• Oljaz Satybaldin

    Good point about the waterproofness/breathability of these *-tex jackets. But all these new types of insulation are just as good as a fleece with a wind resistant jacket, like Rab alpine pull-on or Patagonia Houdini. And the latter is more efficient due to layerability.

    • Agreed. I would say the Nano Air performs like fleece only it’s much better than fleece. That’s the point! Thanks for the comment!

  • James Jenden

    Andrew, I’ve been trying to convince people of this for years. My friends (and other people who read my writing) tend to respect my advice right up until I tell them that they don’t need a waterproof jacket in the wintertime.

    I have too many jackets to warrant purchasing a new one with Alpha or Patagonia’s new insulation, but I do tend to climb in either a MEC Uplink hoody, which breathes pretty well, and is super comfy, or in a PowerShield Pro jacket. The only time Pro has let me down was in a rather torrential rainstorm, and those tend to not be that common in the mountains.

    All that said, you should try climbing in shelled micro-pile. It will blow your new staying dry ethos out of the water. On a low-stakes day, try going out wearing a fleece-lined softshell next to your skin. It will almost certainly be the most comfortable you’ve ever been.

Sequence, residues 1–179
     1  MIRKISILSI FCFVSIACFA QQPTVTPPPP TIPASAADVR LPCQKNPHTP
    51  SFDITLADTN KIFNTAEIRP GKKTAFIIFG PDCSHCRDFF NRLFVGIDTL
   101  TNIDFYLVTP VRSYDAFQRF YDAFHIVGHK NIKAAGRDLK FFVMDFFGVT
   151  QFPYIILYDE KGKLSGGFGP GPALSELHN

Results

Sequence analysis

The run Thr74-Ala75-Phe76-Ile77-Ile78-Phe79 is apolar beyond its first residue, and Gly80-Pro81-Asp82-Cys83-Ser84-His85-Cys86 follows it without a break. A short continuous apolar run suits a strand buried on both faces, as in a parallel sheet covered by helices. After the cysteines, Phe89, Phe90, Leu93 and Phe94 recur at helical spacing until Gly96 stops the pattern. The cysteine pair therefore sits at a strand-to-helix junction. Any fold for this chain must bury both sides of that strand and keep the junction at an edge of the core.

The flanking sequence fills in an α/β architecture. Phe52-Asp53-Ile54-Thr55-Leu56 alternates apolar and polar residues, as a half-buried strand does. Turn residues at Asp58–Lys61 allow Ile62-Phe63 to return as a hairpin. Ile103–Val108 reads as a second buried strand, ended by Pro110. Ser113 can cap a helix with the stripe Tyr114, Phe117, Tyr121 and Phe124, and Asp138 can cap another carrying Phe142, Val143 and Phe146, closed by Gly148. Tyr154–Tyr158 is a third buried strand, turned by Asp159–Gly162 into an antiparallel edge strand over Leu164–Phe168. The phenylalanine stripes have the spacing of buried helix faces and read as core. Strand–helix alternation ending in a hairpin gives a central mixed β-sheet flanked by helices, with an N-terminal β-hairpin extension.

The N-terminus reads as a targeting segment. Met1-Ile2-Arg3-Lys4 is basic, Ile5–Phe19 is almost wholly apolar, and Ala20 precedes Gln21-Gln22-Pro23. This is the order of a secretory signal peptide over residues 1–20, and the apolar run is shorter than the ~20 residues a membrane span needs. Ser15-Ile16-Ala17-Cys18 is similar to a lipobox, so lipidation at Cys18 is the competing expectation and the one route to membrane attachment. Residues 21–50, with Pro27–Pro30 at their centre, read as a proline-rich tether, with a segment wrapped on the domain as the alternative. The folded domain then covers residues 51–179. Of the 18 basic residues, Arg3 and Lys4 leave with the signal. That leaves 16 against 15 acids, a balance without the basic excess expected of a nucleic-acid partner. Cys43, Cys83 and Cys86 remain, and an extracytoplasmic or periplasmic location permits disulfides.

• jonny

    I recently got the BD Access LT Hybrid Hoody and I can say the same thing… The Gore Tex doesn’t even come on most “three season” trips anymore to be honest. Actually breathable, and very warm for most conditions. I’ve been very impressed.

    That said, living in the Canadian Rockies… where winter lasts 8.5 months, and “Three seasons” are actually crammed into about 3.5 months, and 90% of my outdoor activities here involves -30C temps, I would likely have died long ago were it not for my Marmot Alpinist Pro Shell. There are many many times when having something to cut the wind is the difference between hypothermia and just being cold.

    Breathability is still important so you don’t sweat on the climbs, but that’s where pit zips help out a great deal. The moment I stop moving, the big puff goes on instantly.